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Popularised in the 1920’s and 1930’s, the word ‘Art Deco’ and its associated style emanated from the 1925 Parisian Exhibition ‘Exposition Internationale des Arts Decoratifs Industriels et Modernes’. This title, translated to ‘International Exhibition of Modern Decorative and Industrial Arts’, epitomises the aspiration of the French design community; to define the post-war style with distinctive French modern artisan and craftsmanship and captivating international appeal.
Art Deco recognised formative influences from the geometry of cubism to the industrialist style of constructivism, whilst emphasising a new take on modern luxury with the use of contemporary materials such as chrome and bakelite. Lacquered exotic and rich hard woods allowed furniture design to incorporate natural wood grains whilst retaining the reflective and sleek characteristics of progressive man-made materials. Stylistically, Art Deco design, objects and furniture incorporated these materialistic qualities with common elements such as geometric zigzags, chevrons and bright colours. Altogether, Art Deco style symbolised the dynamic energy of the 1920’s and new found opulence that contrasted the former decades.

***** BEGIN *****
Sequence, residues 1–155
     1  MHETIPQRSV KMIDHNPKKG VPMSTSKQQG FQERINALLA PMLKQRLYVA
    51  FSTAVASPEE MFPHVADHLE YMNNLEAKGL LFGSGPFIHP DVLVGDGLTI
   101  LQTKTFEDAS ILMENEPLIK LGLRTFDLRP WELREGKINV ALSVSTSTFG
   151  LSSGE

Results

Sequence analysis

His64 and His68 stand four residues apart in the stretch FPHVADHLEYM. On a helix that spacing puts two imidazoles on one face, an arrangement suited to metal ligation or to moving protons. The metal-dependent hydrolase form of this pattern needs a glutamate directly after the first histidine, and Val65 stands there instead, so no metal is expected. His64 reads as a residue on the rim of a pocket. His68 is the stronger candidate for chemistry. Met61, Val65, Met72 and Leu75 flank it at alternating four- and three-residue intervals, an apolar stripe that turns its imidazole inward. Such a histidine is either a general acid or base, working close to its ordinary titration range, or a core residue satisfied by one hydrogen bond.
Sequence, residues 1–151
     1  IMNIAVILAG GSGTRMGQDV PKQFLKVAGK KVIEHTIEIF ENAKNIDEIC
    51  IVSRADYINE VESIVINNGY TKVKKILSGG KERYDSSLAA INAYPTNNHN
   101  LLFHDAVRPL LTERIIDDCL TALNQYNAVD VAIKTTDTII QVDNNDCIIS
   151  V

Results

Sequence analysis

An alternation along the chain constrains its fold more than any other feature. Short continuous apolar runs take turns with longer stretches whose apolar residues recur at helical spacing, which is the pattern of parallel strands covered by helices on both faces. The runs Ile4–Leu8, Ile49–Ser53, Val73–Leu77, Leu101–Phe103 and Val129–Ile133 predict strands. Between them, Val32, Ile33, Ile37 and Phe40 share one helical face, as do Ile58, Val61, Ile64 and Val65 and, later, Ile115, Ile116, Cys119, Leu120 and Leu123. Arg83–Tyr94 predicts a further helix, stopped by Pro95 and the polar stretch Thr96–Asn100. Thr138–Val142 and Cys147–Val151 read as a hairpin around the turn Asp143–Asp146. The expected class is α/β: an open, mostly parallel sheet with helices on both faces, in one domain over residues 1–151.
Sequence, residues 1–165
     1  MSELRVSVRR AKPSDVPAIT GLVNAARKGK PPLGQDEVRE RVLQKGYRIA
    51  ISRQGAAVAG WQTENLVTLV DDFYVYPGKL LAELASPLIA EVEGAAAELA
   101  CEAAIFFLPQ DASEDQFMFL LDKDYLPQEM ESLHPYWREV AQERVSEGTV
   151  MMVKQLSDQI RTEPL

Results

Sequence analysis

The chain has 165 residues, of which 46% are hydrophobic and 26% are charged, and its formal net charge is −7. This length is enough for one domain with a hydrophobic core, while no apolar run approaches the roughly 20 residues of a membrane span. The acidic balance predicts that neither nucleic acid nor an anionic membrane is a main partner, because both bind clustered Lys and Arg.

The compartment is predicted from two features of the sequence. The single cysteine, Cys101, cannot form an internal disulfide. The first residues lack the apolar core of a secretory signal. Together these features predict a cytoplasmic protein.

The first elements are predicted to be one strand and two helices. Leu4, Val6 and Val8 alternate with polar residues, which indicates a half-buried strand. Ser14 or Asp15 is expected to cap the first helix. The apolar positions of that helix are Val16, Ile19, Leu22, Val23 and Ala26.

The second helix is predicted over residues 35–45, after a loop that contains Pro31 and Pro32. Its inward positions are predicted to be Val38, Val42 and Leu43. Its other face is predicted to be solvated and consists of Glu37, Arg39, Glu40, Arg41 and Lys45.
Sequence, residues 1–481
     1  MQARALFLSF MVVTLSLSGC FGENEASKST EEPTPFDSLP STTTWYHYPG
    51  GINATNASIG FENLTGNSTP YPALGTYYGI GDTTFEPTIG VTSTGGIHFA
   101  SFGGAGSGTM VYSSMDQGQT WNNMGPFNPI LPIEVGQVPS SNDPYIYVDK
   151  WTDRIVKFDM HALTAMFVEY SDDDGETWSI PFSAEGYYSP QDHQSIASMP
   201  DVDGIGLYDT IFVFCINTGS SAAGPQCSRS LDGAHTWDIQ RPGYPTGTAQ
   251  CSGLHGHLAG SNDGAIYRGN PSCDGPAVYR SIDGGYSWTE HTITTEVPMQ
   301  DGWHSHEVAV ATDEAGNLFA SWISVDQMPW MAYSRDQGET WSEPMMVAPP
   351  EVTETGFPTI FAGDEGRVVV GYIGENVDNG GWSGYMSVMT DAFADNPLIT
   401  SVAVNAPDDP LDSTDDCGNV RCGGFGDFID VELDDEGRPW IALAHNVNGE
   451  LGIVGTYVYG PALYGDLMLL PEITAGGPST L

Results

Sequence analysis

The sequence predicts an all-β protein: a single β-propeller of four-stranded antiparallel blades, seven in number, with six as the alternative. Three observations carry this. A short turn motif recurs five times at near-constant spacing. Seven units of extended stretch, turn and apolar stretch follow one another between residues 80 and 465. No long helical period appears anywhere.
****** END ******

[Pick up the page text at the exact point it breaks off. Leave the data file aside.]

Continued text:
The rise and decline of Art Deco coincided with post-war global prosperity followed by the financial collapse associated with The Wall Street Crash in 1929. As the Great Depression shrouded the economy during the1930’s, Art Deco style followed suit as mass production, cheaper materials and muted designs continued to provide Art Deco influence during times of austerity.